“I came in with Halley’s Comet in 1835,” Mark Twain wrote in 1909. “It is coming again next year, and I expect to go out with it. The Almighty has said, no doubt: ‘Now here are these two unaccountable freaks; they came in together, they must go out together.’” With this eerie prediction, Samuel L. Clemens did indeed die in the year of the comet on April 21, 1910. One hundred years later, Mr. Twain's legacy is surfacing again. One of Mark Twain's dying wishes was the publication of his personal, outspoken and revelatory autobiography. He devoted the last ten years of his life writing it. Not wanting to face the readers of this candid, tell-all book, Twain chose to have it locked away for a century. He felt that 100 years was adequate enough time to allow his words to simmer. He, most likely, would have been pleasantly surprised to learn that he is as popular as ever in the next century as he was in the last. His publications have survived social changes and book banning. The world is a different place than it was in Twain's day. Yet, simultaneously, human nature remains as complex and dynamic as ever. Mark Twain had a deep understanding of this.
         The creator of Tom Sawyer and Huckleberry Finn  left behind 5,000 unedited pages of memoirs when he died in 1910, together with handwritten notes saying that he did not want them to hit the book stores for at least a century.
       The wait is over, and in November the University of California, Berkeley, where the manuscript is in a vault, will release the first volume of Mark Twain's autobiography. The eventual trilogy will run to half a million words, and shed new light on this uncommon novelist from another time.
      In order to honor Mark Twain, support your local independent bookshop Twain wrote about common folk who made their own adventures, off the beaten path. With the major chain stores, electronic books and the like, the independent shops of all types are being squeezed out.However, it is the locally owned, self-reliant shops that exists for the community. The corporate run stores care about the bottom line, first and foremost. They are motivated by manufacturer kick-backs and popular genres over intelligent, high quality merchandise. The chains are homogenizing the world, one community at a time.Patronizing the local shops is a way of reclaiming individuality and art for the sake of art. The local shop is going up against the corporate giant  armed only with a knowledgeable passion for success. They truly care about what they do. So, keep this in mind when you decide your next purchase. Check out the local shops first and support your community. Ever wonder where a local shop is when traveling? Check this out! If you find a great local shop, you can add it for free!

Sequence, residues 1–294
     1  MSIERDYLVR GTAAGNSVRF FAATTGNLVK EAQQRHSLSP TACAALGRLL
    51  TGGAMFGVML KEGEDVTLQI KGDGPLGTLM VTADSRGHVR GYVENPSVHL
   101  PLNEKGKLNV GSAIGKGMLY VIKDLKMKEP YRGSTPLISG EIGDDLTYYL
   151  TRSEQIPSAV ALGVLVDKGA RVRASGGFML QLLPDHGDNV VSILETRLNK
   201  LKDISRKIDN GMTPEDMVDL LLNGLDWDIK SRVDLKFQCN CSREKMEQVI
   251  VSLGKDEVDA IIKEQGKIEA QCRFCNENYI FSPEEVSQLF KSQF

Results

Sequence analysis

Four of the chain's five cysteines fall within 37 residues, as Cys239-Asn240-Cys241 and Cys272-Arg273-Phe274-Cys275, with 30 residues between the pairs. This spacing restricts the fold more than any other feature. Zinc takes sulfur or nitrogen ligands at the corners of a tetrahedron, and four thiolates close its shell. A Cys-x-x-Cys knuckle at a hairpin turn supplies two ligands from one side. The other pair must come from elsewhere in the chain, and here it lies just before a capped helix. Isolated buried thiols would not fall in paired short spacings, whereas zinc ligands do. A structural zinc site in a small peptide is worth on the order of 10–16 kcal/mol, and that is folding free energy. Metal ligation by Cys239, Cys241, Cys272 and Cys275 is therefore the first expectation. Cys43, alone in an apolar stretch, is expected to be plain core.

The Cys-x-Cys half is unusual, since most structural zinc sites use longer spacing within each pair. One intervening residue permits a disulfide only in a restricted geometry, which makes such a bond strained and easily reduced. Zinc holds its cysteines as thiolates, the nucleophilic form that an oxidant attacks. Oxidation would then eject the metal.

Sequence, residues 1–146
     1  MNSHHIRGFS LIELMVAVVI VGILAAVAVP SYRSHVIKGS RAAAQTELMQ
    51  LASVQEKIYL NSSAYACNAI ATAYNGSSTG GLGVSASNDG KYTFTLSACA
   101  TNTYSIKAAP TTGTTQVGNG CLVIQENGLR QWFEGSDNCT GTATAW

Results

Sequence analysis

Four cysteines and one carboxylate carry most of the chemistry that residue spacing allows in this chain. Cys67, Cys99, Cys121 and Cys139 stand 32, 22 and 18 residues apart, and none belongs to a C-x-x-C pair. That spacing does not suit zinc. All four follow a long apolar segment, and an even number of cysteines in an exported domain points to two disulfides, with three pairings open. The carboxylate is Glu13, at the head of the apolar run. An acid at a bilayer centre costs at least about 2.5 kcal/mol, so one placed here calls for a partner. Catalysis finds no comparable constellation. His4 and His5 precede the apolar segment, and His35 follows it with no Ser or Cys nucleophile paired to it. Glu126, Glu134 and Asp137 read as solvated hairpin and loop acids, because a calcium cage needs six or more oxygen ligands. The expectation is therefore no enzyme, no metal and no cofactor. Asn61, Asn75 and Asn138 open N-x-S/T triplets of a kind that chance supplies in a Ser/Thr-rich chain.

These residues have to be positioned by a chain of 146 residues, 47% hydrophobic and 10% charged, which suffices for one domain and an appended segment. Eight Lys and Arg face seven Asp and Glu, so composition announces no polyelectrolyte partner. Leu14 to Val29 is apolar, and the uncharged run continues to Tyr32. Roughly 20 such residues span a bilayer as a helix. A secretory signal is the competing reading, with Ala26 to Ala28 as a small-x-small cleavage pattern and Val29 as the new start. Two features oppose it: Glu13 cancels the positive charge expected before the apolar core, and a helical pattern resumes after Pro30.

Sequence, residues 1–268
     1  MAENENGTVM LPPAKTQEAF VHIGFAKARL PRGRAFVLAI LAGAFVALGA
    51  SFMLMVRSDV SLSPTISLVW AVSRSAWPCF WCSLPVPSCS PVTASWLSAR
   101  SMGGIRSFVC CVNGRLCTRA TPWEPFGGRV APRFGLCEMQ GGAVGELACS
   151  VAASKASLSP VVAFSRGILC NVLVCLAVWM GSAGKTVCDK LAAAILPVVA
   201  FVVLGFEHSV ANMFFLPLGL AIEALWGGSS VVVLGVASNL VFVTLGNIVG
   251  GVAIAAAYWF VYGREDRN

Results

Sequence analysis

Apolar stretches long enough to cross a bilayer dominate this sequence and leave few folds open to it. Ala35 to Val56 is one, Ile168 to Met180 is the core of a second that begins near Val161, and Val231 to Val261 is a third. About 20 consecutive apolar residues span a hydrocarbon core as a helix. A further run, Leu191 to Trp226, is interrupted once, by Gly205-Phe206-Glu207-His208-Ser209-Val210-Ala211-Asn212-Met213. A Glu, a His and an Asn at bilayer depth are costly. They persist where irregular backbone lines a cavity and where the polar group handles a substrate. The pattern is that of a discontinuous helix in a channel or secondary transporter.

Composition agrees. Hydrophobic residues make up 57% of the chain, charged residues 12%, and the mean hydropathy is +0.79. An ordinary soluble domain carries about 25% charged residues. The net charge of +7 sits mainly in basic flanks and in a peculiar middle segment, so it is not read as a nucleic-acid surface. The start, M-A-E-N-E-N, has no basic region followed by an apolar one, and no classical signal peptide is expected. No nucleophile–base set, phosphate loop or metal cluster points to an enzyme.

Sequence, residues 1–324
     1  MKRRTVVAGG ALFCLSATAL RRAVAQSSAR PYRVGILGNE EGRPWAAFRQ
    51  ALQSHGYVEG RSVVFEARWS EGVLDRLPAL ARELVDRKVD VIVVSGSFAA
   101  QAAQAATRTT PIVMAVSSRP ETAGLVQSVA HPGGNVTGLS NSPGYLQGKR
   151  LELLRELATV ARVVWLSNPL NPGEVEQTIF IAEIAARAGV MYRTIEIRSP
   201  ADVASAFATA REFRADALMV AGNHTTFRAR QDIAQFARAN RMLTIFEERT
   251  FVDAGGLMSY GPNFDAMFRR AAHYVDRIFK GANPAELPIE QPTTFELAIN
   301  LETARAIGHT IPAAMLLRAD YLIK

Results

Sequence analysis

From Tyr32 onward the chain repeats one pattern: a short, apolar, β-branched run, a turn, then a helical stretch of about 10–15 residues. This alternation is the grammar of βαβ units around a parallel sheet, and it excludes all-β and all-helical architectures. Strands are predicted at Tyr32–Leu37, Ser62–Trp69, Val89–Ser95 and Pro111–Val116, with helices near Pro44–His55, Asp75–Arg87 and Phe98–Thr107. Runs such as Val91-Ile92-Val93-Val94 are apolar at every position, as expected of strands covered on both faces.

Monday, August 23, 2010

    The future of books.

    Electronic books save on paper. Are they really greener?   There is still controversy on this. Trees are a renewable resource. Yet, electronic books do not use up landfills, unless they become unusable. That, of course, would happen at a much slower rate than physical books. At the same time, I cannot envision a world without books. My son loves the "ology" Pirateology, Dragonology, Egyptology, where he can open and discover wonderful pictures and hidden treasures. He and I both enjoy the art of pop-up books. There are some very creative books on the market which combine the written word with art. Would an electronic book truly reproduce the beautiful "table" art books available? I wonder if a future reader would truly appreciate Vincent Van Gogh's "Starry Night" on a 3 to 7 inch screen? For this purpose I am assuming the screen is in full color. (Currently Amazon's Kindle is not, although it's just a matter of time until it is.)  Imagine, if you will, a city wide blackout. I have experienced this many times. What will you do with an electronic reader once the batteries are exhausted. If you do not have a car where you can recharge it, you cannot read. Even a solar powered reader will lose its charge at night after time. Not everyone will be able to afford an e-reader. What about the poor child whose family cannot provide such a device? Would he be lost without the paper book, which he can borrow from a library? One can only assume that the library will loan out e-readers. Even so, we can refer back to the whole power supply issue.